Cybersecurity is one of the most difficult parts of the tech world to get right. First, it’s incredibly difficult to be an expert. Second, it evolves rapidly as the incentives for “bad guys” are high. Third, it doesn’t add to the bottom line. Best case it’s revenue neutral… right up until the worst case happens and your entire business is at risk.
At Techquity we can help you assess your landscape, advise your team on how to fix the issues, and potentially lean in with industry expertise to act on those actions.
What questions *should* a CEO be asking?
As noted, expertise in cybersecurity is very specialized. But you can start with some basic questions of your CTO or Tech Team:
- Do we have a system-wide threat model?
- Do we know where all of our software comes from?
- Are key assets protected in the event of a ransomware attack?
- Do we have a plan for common attacks like denial of service or ransomware?
Threat modeling is one of the earliest tools in cybersecurity and is still one of the best. In its simplest form, a threat model is a view of the architecture of the company. This should include the software developed in-house as well as outlining key interactions with employees and customers.
A threat model is like an electrical diagram of your house – it won’t fix a short circuit but it will inform the team where likely problems will occur. The other “win” in asking about a threat model is that it will quickly show places in your tech stack that aren’t very well understood or that might be due for an upgrade. Especially as a team scales, many of the early “just good enough” decisions begin to show cracks.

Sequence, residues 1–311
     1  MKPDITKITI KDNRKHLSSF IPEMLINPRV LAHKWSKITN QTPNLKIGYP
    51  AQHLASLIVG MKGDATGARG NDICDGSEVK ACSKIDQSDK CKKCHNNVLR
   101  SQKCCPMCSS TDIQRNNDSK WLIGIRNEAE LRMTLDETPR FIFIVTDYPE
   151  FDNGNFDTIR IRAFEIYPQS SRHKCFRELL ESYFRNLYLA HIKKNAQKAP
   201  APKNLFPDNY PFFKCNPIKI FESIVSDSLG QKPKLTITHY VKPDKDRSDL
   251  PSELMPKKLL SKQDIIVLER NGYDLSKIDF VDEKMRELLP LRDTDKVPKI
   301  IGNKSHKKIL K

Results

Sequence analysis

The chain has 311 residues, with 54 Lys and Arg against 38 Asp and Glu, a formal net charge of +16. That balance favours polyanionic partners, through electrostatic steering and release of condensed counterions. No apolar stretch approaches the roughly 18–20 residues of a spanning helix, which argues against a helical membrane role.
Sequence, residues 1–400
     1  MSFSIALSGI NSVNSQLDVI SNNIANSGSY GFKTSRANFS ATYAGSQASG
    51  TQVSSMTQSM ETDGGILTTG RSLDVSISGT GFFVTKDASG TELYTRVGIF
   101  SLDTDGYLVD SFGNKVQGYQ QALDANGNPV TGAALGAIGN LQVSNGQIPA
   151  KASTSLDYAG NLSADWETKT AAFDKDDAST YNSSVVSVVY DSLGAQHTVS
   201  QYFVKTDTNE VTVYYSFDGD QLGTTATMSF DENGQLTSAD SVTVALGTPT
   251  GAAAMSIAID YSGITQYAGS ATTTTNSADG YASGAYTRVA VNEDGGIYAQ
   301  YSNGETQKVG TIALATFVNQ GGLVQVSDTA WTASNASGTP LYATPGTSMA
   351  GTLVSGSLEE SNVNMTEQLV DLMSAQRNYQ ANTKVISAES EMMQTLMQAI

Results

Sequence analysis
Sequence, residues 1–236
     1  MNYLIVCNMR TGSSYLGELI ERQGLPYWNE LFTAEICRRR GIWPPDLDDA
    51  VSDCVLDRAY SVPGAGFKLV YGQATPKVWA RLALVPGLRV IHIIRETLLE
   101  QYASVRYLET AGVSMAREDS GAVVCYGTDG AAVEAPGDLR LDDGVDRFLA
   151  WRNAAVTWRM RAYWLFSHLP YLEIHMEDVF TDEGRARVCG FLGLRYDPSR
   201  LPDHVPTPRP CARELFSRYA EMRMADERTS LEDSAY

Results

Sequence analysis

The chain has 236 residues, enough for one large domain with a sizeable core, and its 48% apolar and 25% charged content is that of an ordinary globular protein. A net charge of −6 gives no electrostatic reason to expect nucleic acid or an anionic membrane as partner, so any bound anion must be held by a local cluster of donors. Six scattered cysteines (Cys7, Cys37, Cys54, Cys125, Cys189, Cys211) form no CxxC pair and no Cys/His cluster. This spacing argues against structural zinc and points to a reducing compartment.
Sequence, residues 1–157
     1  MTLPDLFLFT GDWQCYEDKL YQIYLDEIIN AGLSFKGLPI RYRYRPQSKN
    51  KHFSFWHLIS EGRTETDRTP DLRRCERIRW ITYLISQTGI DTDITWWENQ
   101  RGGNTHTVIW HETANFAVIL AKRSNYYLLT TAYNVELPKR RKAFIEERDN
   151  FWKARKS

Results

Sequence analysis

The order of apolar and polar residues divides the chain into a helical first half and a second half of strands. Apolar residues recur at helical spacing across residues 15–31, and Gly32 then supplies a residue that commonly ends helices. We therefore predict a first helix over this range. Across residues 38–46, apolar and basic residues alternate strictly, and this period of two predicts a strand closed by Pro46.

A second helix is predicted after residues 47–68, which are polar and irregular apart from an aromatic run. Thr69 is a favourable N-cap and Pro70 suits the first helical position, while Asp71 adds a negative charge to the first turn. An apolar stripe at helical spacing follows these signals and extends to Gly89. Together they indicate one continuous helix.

Digital supply chain
Recently we wrote a lengthier article about the importance of knowing where your supply chain comes from. As software becomes more complicated there are ever-growing dependency chains that might seem innocuous but can become attack vectors later. Ask your tech team what automated tools they run and how often to validate these dependencies. And most importantly what the process is to address issues when they are flagged.
Protecting key assets
Sooner or later every system is attacked and often compromised. Even big tech companies like GoDaddy can be “zombie-fied” i.e. compromised for several years and running malware on their systems.
A key question to ask coming out of the threat model process is to understand what assets are mission-critical for your business. If that asset were to suddenly disappear, could your tech team bring it back in time to keep the business running? The degree of service isolation and protection varies depending on the type of data, the cost of saving isolated backups, and the real-time nature of your business.
One thing we often hear is “our data is in the cloud, so it’s safe”. This is a dangerous path to take as we saw with Garmin a few years back when their data was compromised as were all of their backups.
What do we do when an attack happens
First, will you know an attack is happening, and if so, who is notified. There are many offerings that can scan for attacks and notify the team. Knowing is the first step.
Second, what is your plan for this fire drill? Not every attack or issue can be predicted but having a “runbook” for some of the more common issues e.g. Distributed Denial of Service (DDoS) should be standard practice.
Cybersecurity is becoming more important as nation-state actors are becoming more active. While the Cloud has some built-in defenses it also offers brand-new attack surfaces that are not always well understood.
The first thing a savvy CEO or Board Member should do is start by asking the right questions.